Lap Band Surgery.
The lap band or laparoscopic gastric band is a useful tool that helps to reduce the amount of food you eat.
It is placed laparoscopically, in other words using keyhole surgery, hence the name "Lap" band. This means that there will be very minimal scarring following the operation and recovery time is quicker.
The band behaves like a belt around the top section of the stomach, creating a small pouch. This means that you will feel full after eating only a small quantity of food. The lap band has been used successfully for weight loss since the mid 1980s.
Once fitted in place, the lap band is adjustable which gives your surgeon control to achieve weight loss without creating too many unpleasant side effects.
A lap band operation is fully reversible and this too can be done laparoscopically, leaving no permanent changes to your stomach. The band itself comprises of a silicone ring and a reservoir connected to the ring by a length of fine tube and is sealed closed by a locking device so that it will not come undone. It comprises an inner balloon which is connected by tubing to the reservoir, also called a port.
The reservoir is usually anchored deep under the skin on one side of your abdomen below your ribs or at the base of the breast bone. Once in place, the lap band is Inflated which tightens it, thus restricting the opening between the new small pouch that the band has created at the top of the stomach and the main part of the stomach.
By adjusting the amount of fluid in the lap band the rate at which it food passes through is controlled.
How much weight will you lose with a lap band?
Research shows that on average, patients lose between 50-65% of their excess weight in the two years after placement of a lap band. You will, of course start to feel the benefits long before you reach that stage, especially if you also have any of the co-morbidity related issues such as diabetes, heart disease or high blood pressure.
You will also very quickly enjoy a much greater capacity for physical activity and more self confidence. As with all operations, the lap band has been thoroughly tested in clinical trials and proven to be effective.
Risks and Side effects of lap band surgery
Fortunately, risks and complications are rare but it is important that you learn about any potential problems at your consultation with your surgeon before you decide to proceed with lap band surgery.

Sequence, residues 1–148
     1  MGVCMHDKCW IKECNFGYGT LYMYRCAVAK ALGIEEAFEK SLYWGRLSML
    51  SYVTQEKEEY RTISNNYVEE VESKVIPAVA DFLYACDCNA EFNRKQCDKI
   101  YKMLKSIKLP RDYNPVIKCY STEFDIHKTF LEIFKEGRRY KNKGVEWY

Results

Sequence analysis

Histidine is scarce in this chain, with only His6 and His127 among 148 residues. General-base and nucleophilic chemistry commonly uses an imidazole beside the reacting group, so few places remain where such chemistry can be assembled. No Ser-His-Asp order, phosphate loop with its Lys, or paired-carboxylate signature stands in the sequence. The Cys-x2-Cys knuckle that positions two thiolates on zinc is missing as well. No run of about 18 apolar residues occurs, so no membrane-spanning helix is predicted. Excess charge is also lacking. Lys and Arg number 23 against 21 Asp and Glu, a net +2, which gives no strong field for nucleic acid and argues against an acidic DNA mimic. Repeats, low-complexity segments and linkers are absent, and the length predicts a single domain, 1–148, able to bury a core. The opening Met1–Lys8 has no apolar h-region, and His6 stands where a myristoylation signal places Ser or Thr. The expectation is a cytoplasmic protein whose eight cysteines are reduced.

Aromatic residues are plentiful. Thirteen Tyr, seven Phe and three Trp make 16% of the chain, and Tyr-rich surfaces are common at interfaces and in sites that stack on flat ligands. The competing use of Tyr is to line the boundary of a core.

Firstly, being obese makes any surgery more risky. There is a higher risk with the general anaesthetic, and obesity related diseases that you may already have can add further complications.
Statistics show that the death rate associated with the gastric band is about 1 in 2,000 operations though this does include procedures carried out abroad or by less qualified and experienced surgeons than you will find at The Landauer Group.
The most common cause of death is the development of a blood clot in the lungs (pulmonary embolism) though this is far less likely in a patient with a body mass index of 55 or under. Rarely patients may develop other complications at the time of operation, for instance an infection in the lungs or stomach or at the site where the reservoir is anchored under the skin, which may delay recovery.
Follow up after Lap Band surgery
In the early months, your band will be adjusted, usually two to three times until the setting is optimal for your particular requirements for weight loss. Once the correct setting has been achieved your band is generally maintained at that level until your weight loss target is reached. Adjustments to the band takes only a few minutes and is done by the surgeon without any need for anaesthetic.
UK Plastic Surgery Hospitals
For more information or to book a consultation with a lap band surgeon call now on 0844 335 6126. Lines open 9am - 9.30pm 7 days a week.
Your lap band surgery consultation can normally take place within 2 weeks with the possibility of the lap band surgery following about 2 weeks later.
Contact us today to arrange a consultation with a lap band surgeon.
Further Reading on Lap Band Surgery
Independent and impartial information online: